Monday, March 6, 2017

I Just Love My Little Blue Rain Barrel!

The new arrival in my back yard.
There was a knock on the door. I opened it, and there were two nice young men and my new rain barrel. They also had a bag with some tools and a few accessory parts. Fifteen minutes later the installation crew was done with its work; we smiled and shook hands, and they left.

And I had a 55-gallon plastic rain barrel hooked up to the downspout that drains my roof. Free rain barrel, free installation. Courtesy of the Pennsylvania Horticultural Society.

So what do you do with the water in the rain barrel? Well, you can use it to water your flowers. Probably not a good idea to drink it - hard to know how many birds have been pooping on your roof.

The main thing, however, is you're helping the planet. Yes, who knew. The PHS is into green stuff.

If you've noticed that we seem to be getting more intense rain storms in Philadelphia, and that there's more local flooding - where the storm drains back up into the street and create pretty little lakes at intersections - well, you're not crazy.

And one of the answers is the rain barrel. Every 55 gallons in a rain barrel is 55 gallons that aren't gushing up through the storm grate down at the corner. By the way. I call it a little blue rain barrel, and it is. But it's not a toy. When it's full it weighs about as much as a sumo wrestler. Don't ask me how I learned this.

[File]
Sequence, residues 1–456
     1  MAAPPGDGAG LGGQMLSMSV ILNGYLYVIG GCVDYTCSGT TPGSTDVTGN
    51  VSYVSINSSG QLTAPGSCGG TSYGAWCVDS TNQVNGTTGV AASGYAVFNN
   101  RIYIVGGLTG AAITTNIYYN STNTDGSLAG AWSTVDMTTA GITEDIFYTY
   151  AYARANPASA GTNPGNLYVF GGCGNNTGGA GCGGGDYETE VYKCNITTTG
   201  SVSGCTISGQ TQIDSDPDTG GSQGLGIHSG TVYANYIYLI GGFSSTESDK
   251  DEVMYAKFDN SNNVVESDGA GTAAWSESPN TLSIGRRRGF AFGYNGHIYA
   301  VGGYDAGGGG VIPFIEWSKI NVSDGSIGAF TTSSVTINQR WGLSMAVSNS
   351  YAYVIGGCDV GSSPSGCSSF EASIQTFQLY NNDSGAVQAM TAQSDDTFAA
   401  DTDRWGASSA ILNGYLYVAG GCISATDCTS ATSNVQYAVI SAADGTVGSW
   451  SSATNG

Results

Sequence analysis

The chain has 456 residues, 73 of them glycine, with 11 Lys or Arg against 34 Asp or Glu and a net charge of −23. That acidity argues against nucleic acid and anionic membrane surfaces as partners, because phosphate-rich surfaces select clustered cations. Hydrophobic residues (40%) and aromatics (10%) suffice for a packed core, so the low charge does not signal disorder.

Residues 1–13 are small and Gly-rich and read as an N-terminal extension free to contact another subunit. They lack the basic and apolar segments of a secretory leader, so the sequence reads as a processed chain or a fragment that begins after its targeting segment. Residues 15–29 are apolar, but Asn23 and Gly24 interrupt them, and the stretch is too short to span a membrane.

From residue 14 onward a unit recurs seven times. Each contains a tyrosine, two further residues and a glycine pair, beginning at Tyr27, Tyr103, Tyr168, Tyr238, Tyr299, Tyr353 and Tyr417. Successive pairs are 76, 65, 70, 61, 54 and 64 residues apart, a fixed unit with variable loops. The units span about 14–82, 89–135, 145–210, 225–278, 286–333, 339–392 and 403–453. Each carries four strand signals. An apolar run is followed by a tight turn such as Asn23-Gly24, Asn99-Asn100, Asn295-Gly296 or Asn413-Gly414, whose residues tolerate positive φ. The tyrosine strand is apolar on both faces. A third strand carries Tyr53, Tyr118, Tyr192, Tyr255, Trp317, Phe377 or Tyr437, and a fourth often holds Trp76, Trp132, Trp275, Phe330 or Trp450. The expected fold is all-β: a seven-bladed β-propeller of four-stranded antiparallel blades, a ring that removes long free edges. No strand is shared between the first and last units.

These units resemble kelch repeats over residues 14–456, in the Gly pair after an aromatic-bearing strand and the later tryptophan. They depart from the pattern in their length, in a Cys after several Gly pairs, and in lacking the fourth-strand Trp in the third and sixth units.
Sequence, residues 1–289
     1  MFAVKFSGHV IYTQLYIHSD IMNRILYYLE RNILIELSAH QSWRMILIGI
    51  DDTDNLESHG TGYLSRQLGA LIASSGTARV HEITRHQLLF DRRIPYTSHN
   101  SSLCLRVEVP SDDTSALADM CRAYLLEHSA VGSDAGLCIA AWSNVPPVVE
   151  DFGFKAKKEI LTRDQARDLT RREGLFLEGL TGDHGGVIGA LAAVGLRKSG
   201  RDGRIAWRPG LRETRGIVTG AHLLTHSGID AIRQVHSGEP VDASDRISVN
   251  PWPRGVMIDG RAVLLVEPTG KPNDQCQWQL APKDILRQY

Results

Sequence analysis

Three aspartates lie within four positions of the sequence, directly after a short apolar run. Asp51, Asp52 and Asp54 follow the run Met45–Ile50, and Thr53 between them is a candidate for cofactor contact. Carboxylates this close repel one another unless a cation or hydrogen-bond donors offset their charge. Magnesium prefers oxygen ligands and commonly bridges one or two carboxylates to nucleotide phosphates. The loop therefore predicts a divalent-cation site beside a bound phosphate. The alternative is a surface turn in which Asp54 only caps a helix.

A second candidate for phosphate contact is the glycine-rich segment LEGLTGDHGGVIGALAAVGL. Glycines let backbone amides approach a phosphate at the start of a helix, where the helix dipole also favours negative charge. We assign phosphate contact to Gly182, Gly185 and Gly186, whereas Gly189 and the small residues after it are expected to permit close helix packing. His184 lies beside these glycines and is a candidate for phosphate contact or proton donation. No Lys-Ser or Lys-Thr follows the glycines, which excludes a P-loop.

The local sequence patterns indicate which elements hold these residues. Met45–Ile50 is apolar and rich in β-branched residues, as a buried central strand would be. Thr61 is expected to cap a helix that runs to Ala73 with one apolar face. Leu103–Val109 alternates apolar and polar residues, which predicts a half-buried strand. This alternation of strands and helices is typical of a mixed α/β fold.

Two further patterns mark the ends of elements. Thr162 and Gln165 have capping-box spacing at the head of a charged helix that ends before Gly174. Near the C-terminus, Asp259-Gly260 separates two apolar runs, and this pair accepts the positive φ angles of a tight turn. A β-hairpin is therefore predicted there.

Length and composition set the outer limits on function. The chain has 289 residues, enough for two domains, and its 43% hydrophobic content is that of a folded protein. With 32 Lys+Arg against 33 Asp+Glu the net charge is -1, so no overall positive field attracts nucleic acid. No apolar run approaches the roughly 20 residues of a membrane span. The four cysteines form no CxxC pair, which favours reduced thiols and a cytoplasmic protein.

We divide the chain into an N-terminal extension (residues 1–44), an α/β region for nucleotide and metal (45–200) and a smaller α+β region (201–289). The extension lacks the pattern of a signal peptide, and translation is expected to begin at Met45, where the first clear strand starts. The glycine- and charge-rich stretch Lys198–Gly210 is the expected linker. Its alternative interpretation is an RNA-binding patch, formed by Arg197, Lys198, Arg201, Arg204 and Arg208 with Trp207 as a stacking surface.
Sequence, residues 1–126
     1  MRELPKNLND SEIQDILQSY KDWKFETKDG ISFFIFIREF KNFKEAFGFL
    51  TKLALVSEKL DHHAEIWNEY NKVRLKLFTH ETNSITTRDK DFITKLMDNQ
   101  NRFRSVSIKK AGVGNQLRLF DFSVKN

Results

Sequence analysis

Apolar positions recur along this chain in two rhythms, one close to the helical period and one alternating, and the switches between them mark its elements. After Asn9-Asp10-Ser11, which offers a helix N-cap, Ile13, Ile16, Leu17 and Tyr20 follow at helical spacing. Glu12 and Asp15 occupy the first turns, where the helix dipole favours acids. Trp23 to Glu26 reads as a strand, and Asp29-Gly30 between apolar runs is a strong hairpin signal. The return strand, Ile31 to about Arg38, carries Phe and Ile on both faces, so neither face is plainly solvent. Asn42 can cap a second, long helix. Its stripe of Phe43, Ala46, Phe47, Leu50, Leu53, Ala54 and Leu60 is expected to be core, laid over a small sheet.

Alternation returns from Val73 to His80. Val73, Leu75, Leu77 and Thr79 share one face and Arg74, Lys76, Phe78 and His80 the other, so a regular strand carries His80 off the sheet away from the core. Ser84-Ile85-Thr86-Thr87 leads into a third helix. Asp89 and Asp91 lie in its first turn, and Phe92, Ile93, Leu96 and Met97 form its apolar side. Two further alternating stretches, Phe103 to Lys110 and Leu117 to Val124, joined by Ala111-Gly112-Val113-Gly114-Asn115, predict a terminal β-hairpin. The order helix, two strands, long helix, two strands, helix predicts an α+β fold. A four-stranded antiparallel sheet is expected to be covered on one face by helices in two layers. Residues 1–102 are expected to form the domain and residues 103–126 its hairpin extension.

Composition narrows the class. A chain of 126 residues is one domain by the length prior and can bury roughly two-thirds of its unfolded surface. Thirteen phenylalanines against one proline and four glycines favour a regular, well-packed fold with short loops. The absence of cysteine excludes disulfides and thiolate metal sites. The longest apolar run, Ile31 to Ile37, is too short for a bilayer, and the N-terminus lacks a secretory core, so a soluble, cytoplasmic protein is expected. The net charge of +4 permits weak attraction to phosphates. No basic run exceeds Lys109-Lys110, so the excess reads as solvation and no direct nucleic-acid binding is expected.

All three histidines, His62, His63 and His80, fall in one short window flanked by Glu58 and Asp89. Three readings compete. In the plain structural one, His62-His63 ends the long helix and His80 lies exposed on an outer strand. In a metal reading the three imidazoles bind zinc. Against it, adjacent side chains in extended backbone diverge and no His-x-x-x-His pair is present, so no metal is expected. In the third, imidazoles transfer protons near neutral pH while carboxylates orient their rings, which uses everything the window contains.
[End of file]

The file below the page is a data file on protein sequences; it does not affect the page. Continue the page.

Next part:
The rain barrels are part of a larger program for stormwater management that emphasizes what is called green infrastructure, as opposed to gray infrastructure. Gray infrastructure means building new sewers and holding tanks and stuff, and pouring huge gobs of concrete. Using concrete to deal with all the rain that's on the way would cost a couple of bazillion dollars. Green infrastructure costs a lot less. Green infrastructure means blue rain barrels.

All set to get your free rain barrel? Well, hold up. You've got to get yourself educated first. Go to the website and sign up for one of their information sessions. Don't worry. You'll actually learn stuff. I know I did. And at the end you can fill out some papers and schedule your installation.

Two more things. First, the information sessions also have a road show. If you're in a community group that would like the Horticulture Society to visit you with a Powerpoint presentation and a bunch of sign-up sheets, contact Rosemary Howard, assistant program manager: rhoward@pennhort.org, 215-988-8767.

Also, the program does a bunch of stuff beyond rain barrels like rain gardens and permeable pavers. These will cost you money, but the prices are very attractive.

They only come in blue, but you're free to decorate. 2000 block of Moravian.

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